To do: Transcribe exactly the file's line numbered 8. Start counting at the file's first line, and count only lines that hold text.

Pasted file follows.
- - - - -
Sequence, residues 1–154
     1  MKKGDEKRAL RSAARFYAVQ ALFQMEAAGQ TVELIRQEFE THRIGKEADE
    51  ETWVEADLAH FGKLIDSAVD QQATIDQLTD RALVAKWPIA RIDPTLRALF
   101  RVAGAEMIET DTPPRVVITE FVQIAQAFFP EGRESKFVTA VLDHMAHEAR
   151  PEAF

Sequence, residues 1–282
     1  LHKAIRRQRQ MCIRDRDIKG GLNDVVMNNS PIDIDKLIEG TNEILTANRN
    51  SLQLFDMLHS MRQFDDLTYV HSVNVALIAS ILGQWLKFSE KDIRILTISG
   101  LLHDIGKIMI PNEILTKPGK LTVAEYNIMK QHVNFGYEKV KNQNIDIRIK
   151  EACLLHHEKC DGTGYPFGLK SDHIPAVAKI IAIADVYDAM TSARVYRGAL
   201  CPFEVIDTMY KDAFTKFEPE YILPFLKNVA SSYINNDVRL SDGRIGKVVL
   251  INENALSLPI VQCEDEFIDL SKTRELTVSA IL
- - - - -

    51  SLQLFDMLHS MRQFDDLTYV HSVNVALIAS ILGQWLKFSE KDIRILTISG